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Discussion Starter #1 (Edited)
I'm going to save some time and tell you that I was NOT prepared in the way I should have been when I purchased my bettas. I used to have them as a kid, but I wasn't the one who really took care of them. I am a teacher, and I thought the fish would liven up the classroom. I made a lot of mistakes starting out, but I have read through many, many, MANY threads on this website to inform myself. I have read thousands of articles and watched hundreds of videos on tanks, conditions, and care for bettas. I LOVE my bettas. They're my pets just as much as my dog and cat, and my students are now in love with them as well.

This is how it started:
I bought two male bettas (both veil tail) from Petsmart because they looked just sad and run down. I bought a 10 gallon tank with a divider. The divider was mesh, but they didn't seem to bother each other much. I had some plastic plants and decorations for them. At this time, I had not the slightest clue about water levels. They seemed to be doing fine. I took them to school, and they were very active, happy fish.

Then it was time for Spring Break. I took them home in their cups, and set up two 1 gallon bowls with a heater and a betta log for each of them. Spring Break was only five days, and I was an idiot who still didn't understand. They seemed fine. They built bubble nests and were pretty active. Then I took them back to school. From day one, they were at the divider constantly. I thought they would get over it, but they didn't. Then I noticed one of them (Cap) had a pretty jagged tail. I researched and thought he had fin rot. I took him home, cleaned (without soap! I knew that at least) his bowl, and put him in there with aquarium salt to treat the rot. After about two weeks, I saw fin regrowth. So I took him back to school. Then I noticed the other fish had jagged fins, and figured out ammonia could do this too (his didn't look like fin rot). I tested the ammonia, and it was a 3! I felt like absolute crap. So I did some research and actually set up their new tanks with super care.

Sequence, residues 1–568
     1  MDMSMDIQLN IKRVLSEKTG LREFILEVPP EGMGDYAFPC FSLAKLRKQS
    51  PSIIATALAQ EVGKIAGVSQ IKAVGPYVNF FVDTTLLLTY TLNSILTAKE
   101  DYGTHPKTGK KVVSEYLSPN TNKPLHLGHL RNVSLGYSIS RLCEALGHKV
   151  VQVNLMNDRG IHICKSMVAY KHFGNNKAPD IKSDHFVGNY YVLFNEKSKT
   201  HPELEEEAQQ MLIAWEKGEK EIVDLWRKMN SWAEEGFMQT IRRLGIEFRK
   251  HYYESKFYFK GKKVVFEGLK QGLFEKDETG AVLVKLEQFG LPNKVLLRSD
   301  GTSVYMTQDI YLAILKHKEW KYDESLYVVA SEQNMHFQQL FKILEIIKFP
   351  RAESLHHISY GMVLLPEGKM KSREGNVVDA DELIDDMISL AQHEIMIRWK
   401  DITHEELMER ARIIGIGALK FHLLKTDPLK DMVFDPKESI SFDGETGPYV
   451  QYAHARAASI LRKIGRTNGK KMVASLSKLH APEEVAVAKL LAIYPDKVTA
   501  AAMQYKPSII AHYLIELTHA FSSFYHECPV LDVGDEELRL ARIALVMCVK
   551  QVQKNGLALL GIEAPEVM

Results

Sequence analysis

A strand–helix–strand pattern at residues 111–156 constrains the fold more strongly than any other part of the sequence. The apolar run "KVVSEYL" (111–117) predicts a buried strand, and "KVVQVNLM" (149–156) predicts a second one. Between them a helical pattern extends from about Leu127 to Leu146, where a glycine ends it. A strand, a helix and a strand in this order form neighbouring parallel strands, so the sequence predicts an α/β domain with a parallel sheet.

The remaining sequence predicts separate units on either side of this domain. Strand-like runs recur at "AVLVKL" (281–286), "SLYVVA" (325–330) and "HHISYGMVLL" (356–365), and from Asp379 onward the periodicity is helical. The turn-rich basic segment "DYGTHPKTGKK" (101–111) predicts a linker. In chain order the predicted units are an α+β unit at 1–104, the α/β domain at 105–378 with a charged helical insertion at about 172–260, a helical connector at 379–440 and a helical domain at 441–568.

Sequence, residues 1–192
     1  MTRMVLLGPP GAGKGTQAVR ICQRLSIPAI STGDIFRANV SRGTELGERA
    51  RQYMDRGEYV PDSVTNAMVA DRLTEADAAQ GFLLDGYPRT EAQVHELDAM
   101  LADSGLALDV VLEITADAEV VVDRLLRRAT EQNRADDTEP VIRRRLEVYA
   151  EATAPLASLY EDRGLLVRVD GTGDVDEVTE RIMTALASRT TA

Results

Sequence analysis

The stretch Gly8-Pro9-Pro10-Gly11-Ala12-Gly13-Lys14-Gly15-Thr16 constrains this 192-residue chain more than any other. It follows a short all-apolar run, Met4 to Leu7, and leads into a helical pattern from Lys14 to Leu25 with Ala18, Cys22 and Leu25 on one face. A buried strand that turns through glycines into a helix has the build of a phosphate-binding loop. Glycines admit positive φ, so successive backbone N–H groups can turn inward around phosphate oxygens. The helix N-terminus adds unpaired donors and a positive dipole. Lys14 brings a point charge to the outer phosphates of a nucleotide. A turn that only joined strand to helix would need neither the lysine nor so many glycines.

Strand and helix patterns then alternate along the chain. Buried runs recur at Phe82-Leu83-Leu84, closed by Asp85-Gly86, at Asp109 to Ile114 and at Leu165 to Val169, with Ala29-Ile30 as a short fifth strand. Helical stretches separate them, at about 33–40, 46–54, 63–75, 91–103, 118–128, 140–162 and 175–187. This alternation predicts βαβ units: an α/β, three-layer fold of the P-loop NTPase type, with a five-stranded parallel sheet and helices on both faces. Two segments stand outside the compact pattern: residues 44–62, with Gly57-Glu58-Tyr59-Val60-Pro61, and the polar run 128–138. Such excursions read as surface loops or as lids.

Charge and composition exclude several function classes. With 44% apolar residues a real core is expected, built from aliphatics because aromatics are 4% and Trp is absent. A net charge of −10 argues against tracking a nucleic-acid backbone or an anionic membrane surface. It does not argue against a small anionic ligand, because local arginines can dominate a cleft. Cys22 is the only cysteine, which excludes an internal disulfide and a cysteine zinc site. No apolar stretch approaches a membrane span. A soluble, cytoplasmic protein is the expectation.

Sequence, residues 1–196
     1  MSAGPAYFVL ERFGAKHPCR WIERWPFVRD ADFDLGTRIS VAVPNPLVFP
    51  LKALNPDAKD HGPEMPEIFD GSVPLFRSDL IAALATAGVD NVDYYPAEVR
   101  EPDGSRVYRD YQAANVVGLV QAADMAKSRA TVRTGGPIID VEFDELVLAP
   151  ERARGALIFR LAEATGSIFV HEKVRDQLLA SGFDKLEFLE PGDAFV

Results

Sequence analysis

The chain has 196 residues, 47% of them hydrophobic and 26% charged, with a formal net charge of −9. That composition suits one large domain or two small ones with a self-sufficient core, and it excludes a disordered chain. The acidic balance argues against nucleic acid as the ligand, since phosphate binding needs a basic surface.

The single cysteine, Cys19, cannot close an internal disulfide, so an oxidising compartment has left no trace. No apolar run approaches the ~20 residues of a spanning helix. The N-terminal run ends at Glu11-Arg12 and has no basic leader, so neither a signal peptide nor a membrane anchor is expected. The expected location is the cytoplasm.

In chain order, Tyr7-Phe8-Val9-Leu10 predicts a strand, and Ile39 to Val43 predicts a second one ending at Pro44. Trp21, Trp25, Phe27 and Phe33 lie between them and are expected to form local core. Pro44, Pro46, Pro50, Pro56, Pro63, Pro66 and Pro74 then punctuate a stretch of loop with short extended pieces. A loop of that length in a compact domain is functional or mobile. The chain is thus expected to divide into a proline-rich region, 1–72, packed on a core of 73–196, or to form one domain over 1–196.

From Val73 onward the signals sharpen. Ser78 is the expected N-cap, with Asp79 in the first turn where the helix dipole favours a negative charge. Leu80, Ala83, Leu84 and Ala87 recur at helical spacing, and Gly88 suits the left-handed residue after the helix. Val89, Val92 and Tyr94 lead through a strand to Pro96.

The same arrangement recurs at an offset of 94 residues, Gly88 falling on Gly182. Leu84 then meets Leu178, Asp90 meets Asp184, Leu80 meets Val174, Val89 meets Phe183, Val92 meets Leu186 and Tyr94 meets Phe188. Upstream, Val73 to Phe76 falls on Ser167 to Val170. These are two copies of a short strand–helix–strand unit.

I now have two, five-gallon tanks with brand new rocks, plants, decorations, and filters. I have sanded down the decorations to make sure there are NO sharp or tough edges. ALL plants are silk. The filter has a sponge (filter sponges meant FOR FISH) around intake to keep tails out, and a sponge to buffer flow back into tank. Their light is on for nine or ten hours a day. Their temperature is a solid 76`. They seem pretty active. They come to me when I feed them. One in building a bubble nest in the corner of his tank.

Today, I was sitting with them and noticed Cap's fins are a little dull. So I shined a light in the tank, and the clear parts look YELLOW! It is just his tail. There are no signs of Velvet anywhere else. Then I looked at the other one (Stark), and a small tip of his tail looks like it could be fin rot!

What am I doing wrong!?! I am trying with these babies, and I just keep messing up! I will list their specifications below, but I don't understand what is going on! I know they have been through A LOT with me, but I want them to be happy so badly. Please help! ANY advice is welcome!

I'M SORRY THIS IS SO LONG!

These are the specifications for each tank:
Tank size: 5 gallon
Betta type: Veil tail
Filter: Yes
Heater: Yes
Temperature: 76/78 (It doesn't fluctuate. One tank is just a little higher.)
Light: Yes/ 9-10 hours
Food: Pellets/ 3 a day with two days (the weekend) fasting
Ammonia level: 0-.25
pH level: 7.4
Nitrate level: 0

All of the pictures are of Cap. His tail looks yellowish with the light on it, so I'm afraid he has Velvet. He doesn't show it on any other part of his little body though.